Creative: Evidence of Intent

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Thank you to Marco Pigoni for bringing this film to my attention. For anyone who has been around my site for any length of time, you are probably sick of hearing me talk about print as “evidence of intention,” and how print can be used in the field to help gain access, trust and permission. Pulling out your phone and pulling out a book will often receive opposite reactions. I create what I call “Field Guides,” to help those I wish to photograph better understand what my intentions are, and more importantly, what they are not. (Instagram)

I find that doing documentary work is exponentially more difficult now than it was when I first began.

Carrying a camera back in 1990 was a novelty and came with an astounding level of access and acceptance. The internet and social media forever changed this dynamic, and not in a good way. Trust and curiosity became like rare Earth metals. Guilty until proven innocent became the norm. Places I had once easily accessed slowly closed off. Authorities became more aggressive, more restrictive. The time required to work has almost made this style of photograph beyond my capability. Yet that’s all I want to do.

This film follows Jeffrey Stockbridge as he creates work in the Kensington area of Philadelphia, also known as the “Badlands,” due to its notorious, open-aired drug market. The opioid crisis in American is impossible to ignore and work like this will forever live on paper as evidence of what America did or didn’t do. This work ain’t easy people. Love it or hate it, it needs to be done. Print, books, dialogue, studios and the TIME required to be confronted by things we do not want to see.

THIS is what reality-based photography is supposed to be. We are not here to eat fast food. We are here to eat simple, clean, nutrition meals. On a side note, the guy knows how to shoot. He knows light, composition and my guess is knows how to work quickly. This is not the kind of thing you pull off the day after buying yet another new camera. This work take time to polish. Heck, navigating these scenes takes more time than most photographers are willing to commit, which is why we see so little of this work being produced.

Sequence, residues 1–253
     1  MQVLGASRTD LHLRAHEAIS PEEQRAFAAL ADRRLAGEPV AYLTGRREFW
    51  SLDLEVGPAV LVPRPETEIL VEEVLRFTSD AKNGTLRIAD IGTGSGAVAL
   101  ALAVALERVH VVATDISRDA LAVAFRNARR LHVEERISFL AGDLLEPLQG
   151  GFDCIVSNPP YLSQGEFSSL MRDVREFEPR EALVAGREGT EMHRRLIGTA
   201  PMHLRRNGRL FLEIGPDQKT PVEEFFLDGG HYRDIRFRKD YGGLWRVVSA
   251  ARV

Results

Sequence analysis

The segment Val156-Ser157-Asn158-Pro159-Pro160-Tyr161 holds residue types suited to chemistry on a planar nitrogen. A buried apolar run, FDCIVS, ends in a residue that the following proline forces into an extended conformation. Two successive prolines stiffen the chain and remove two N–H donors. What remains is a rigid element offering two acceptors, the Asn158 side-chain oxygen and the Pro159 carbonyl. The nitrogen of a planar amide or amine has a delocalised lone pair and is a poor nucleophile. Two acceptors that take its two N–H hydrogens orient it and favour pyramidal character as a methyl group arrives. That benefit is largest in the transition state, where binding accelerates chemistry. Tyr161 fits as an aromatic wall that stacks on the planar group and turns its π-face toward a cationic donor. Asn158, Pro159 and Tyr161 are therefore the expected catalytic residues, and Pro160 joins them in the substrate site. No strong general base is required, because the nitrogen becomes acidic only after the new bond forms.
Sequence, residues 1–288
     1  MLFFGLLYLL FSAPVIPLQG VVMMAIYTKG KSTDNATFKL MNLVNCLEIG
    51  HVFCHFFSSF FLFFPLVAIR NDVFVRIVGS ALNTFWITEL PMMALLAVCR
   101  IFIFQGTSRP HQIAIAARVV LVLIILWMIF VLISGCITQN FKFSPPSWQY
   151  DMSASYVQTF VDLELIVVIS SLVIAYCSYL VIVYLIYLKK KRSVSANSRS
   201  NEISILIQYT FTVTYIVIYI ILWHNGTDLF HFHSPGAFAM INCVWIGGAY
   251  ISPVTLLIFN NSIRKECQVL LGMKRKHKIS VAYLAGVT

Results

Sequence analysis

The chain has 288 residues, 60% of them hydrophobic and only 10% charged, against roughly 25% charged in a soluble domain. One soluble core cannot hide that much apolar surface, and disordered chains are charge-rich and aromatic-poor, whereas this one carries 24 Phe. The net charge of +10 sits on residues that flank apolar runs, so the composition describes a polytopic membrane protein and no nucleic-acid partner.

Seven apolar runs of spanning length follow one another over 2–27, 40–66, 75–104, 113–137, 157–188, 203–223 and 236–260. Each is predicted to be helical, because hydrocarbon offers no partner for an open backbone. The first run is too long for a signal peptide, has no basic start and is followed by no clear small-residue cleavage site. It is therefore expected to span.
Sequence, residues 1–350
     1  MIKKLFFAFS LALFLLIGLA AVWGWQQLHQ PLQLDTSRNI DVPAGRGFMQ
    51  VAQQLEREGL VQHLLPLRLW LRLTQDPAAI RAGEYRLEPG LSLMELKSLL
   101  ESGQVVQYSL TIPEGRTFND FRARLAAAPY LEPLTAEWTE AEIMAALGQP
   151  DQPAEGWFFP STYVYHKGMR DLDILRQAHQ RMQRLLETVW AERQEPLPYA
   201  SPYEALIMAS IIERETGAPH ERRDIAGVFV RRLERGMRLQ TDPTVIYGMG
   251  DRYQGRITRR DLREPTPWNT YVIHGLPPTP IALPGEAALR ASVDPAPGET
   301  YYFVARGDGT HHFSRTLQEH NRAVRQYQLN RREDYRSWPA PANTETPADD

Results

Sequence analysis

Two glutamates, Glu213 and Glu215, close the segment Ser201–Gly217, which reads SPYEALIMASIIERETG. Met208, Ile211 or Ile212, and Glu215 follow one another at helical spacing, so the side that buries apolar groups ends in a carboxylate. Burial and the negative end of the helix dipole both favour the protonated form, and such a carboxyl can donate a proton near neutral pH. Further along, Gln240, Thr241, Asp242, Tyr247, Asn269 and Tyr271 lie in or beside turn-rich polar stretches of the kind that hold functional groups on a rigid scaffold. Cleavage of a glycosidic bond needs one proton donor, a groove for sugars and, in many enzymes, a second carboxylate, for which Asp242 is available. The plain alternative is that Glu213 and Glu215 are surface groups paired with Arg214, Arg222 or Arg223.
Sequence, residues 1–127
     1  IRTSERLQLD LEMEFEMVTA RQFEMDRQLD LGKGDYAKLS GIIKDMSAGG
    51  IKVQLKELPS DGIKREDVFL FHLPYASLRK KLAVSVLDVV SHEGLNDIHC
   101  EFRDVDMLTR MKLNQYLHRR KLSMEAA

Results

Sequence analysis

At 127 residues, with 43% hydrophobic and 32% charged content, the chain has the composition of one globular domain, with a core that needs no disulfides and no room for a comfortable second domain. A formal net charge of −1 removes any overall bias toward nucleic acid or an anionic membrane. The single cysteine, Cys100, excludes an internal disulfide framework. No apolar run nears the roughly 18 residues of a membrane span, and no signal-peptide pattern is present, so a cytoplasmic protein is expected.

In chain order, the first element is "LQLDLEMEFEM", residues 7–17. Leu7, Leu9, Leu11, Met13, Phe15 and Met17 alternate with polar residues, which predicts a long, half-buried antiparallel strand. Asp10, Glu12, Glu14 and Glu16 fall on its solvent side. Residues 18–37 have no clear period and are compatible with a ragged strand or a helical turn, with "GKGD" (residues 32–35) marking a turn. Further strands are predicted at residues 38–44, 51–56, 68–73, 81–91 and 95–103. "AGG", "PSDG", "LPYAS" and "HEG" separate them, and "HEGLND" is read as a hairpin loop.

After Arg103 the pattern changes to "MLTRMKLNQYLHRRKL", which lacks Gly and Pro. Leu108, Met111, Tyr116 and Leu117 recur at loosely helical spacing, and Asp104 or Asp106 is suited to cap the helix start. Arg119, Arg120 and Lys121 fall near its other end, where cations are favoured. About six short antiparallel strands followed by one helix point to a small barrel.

And finally, this work is story or project based work. This is NOT a story about Jeffrey telling us how great he is. This is a story about the human beings IN the photographs. This speaks to the difference between story-based and artist-based work, both valid but both very different from one another.

Comments 7

  1. Enjoyed that. I love documentary photography, but it is challenging in so many ways. Ways far more important than the taking of the photos. I believe it’s a powerful means of understanding the world around us, but it’s a tool that can be abused. Do you follow duckrabbitblog – “Benjamin C. director/writer/journalist/founder duckrabbit but personal opinions only.” He highlights racism and privacy violations in the photo world, and it often involves photographers traveling to Africa. It can all get confusing fast. Stockbridge seems like he’s constantly thinking about the ethical issues.

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      That racism and privacy conversation has merit, but it is also being exploited. I heard someone bashing Gene Smith for Minimata. Not like he didn’t get beaten to an inch of life to bring a horrendous story to light. I didn’t see a massive list of other photographers capable of bringing back that work. People are offended by just about anything now, and some actually search out things to be offended by. I run into them consistently now, and it’s only gotten worse over the past few years. Has exploitation happened, surely, but calling me a racist for working in countries comprised mostly of other races is actually, in itself, racist.

  2. I have not started doing doc work yet but plan to. Nothing on the scale that you and others do. Mine will be short-form and probably light weight in comparison. I truly admire people who do real doc work. Thank you for calling attention to “Kensington Blues”. Hopefully there will always be Jeffrey Stockbridge’s (and people like yourself) out there somewhere doing this caliber of work.

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  3. From a human point of view, this can’t leave you unmoved. I love how he uses his camera to give the marginal society a voice. It is such a strong body of work, it’s almost painful to watch. He acts like a social worker for these people. With attention for the person and genuine listening to them. But not to chase likes, views and followers. But to really make a difference.
    He recognizes the power of photography as a means of social commentary and change, and uses his skills as a photographer to bring attention to important social issues, while also using his knowledge and experience to provide support and resources to those in need.
    Thanks for sharing Dan! Keep those short docs recommendations coming.

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      When I’ve done work like in the past it quickly became far more than photography. There was a relationship that formed. And with it responsibility. It’s a hard line to walk at times.

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